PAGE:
Public lecture to focus on the ‘crisis for humanities disciplines’
Professor Graeme Turner from the Centre for Critical and Cultural Studies at the University of Queensland will present a free public lecture looking at “The Humanities and the University in Australia” at the University of Wollongong on Tuesday 7 December.
The public lecture will be held from midday to 1pm in Lecture Room 3 of the Communications Building (Bldg 20). It is being hosted by UOW’s Institute for Social Transformation Research.
Professor Turner will highlight that over the past two decades how we have seen successive governments downgrade the value and importance of higher education in Australia.
The Rudd government may have temporarily arrested the steady decline in the funding environment, but there remains much to be done to keep our higher education system operating at an international standard, he will argue.
Professor Turner will focus on what he sees as a most worrying long-term trend which has been the steady instrumentalisation of higher education – a focus on vocational and professional outcomes as the primary purpose of its teaching programs, and a privileging of industry partnerships in research funding.
He will point out that the controversy over the restructuring of the Gillard government ministry is among the more recent indicators of this trend, as the initial removal of portfolio titles which explicitly mentioned education and research was seen as signalling an alarming narrowing of the presumed function of higher education.
In this kind of context, Professor Turner will argue that the humanities disciplines have been especially disadvantaged.
He believes that many research funding programs and many of the national research strategies exclude the participation of the humanities, and the case for a humanities education is looking increasingly vulnerable as the broader function of education seems no longer to be recognised, let alone advanced, by government.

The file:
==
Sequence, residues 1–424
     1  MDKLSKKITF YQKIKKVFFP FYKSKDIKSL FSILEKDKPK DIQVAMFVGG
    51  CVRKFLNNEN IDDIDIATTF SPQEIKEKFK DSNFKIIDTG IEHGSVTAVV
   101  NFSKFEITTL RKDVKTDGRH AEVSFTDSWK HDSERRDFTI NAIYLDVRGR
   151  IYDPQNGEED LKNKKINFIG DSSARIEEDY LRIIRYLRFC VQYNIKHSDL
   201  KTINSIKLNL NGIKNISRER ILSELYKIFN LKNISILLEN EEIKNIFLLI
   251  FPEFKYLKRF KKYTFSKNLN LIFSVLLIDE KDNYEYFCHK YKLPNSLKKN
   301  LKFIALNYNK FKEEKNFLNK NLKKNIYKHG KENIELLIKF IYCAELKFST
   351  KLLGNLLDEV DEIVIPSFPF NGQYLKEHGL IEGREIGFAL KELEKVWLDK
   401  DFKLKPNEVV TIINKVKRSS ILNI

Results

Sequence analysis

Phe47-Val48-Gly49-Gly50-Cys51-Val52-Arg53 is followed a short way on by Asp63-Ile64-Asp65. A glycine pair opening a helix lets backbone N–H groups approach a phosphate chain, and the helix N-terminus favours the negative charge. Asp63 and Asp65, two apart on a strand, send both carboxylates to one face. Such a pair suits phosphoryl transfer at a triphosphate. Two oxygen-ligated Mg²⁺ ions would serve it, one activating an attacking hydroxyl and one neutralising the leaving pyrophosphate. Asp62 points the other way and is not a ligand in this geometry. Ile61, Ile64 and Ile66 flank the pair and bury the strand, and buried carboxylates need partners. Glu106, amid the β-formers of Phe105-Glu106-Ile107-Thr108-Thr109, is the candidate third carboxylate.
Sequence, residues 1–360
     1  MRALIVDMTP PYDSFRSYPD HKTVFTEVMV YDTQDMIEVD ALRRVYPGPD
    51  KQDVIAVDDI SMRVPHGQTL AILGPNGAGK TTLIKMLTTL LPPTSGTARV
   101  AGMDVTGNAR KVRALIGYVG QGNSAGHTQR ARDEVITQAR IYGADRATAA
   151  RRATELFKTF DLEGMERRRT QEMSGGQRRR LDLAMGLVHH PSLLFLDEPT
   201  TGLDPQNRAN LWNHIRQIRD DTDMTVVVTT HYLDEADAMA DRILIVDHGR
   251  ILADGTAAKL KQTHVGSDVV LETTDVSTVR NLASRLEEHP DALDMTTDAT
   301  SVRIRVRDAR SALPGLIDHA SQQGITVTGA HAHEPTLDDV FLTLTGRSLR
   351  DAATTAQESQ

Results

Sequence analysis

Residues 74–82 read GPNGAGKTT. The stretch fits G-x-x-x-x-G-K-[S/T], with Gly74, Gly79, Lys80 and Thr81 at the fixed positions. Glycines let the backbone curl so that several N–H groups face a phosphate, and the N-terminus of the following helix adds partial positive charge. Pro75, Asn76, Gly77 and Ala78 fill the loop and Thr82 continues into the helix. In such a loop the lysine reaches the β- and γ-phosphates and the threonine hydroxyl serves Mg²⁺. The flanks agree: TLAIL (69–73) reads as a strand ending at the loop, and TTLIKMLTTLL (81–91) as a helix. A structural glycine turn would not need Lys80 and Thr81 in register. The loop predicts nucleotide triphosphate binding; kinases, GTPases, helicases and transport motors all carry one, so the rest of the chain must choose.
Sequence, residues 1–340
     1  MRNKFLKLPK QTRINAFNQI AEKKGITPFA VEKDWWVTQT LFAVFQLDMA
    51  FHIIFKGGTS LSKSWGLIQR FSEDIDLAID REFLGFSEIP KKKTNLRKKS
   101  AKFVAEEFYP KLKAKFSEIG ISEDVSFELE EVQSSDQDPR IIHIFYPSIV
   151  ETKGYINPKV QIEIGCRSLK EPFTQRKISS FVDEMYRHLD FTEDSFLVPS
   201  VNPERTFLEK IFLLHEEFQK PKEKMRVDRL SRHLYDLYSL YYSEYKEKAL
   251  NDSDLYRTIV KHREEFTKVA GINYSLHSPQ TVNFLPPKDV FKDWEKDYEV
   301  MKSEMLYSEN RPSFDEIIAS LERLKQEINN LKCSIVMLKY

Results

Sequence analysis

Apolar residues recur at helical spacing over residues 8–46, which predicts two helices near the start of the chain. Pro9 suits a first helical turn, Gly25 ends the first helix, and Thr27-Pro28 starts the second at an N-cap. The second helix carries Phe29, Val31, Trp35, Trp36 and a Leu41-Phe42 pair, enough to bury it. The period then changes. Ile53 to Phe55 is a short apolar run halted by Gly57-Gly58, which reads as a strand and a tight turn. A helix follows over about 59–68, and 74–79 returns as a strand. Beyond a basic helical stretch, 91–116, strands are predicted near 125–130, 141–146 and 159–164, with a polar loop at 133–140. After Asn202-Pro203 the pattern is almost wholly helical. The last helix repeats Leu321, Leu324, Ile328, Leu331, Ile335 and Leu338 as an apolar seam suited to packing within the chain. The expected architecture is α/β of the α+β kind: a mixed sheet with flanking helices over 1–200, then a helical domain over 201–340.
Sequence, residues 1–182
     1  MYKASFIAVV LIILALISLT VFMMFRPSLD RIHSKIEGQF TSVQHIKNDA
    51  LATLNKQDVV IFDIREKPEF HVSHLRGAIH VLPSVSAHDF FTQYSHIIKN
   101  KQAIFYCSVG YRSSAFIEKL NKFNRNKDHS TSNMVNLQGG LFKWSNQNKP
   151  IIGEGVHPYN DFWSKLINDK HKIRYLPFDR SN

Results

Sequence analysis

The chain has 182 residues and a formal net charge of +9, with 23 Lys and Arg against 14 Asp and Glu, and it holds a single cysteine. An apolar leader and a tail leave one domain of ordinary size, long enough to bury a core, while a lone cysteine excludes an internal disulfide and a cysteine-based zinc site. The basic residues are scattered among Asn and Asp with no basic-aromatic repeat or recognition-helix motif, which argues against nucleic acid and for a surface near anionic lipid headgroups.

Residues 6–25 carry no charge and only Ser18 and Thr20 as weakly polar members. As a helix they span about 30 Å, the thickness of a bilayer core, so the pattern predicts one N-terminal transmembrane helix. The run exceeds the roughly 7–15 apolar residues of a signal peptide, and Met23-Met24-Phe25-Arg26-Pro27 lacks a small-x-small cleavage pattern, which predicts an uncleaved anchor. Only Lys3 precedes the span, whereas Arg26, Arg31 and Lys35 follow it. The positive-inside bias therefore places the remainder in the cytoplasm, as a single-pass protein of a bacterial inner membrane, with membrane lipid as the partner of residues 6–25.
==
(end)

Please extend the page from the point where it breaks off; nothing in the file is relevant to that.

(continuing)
In his lecture, drawing on many years of working between the university sector, government and other peak organisations dealing with the humanities, Professor Turner will discuss what he describes as a “crisis for the humanities disciplines as they struggle to maintain their distinctive presence in Australian universities today”.
Professor Turner is an Australian Research Council (ARC) Federation Fellow and Director of the Centre for Critical and Cultural Studies at the University of Queensland.
His research has produced 21 books, and his work has been translated into nine languages, but his lecture at UOW will draw upon his experience in dealing with government and the university sector as a representative of the humanities over many years.
In recent years, Professor Turner was the chair of the trial Excellence in Research for Australia (ERA) for Humanities and Creative Arts (2009), the chair of the National Collaborative Research Information Strategy Working Group for Humanities and Creative Arts (2008), a member of the ARC ERA Indicators Committee for Humanities and Creative Arts (2008), and the ARC College of Experts for the Humanities and Creative Arts (2002-2004).
As President and, before that, Vice-President, of the Australian Academy of the Humanities (2002-2007), he has represented the humanities on the National Academies Forum, the Australian Research Information Infrastructure Committee, the National Curriculum and Achievement Standards Committee, and many other fora, such as the National Summit on National Research Priorities.
He is one of only two humanities academics to have been appointed as a personal member of the Prime Minister’s Science, Engineering and Innovation Council since the Council was established during the Hawke government era.
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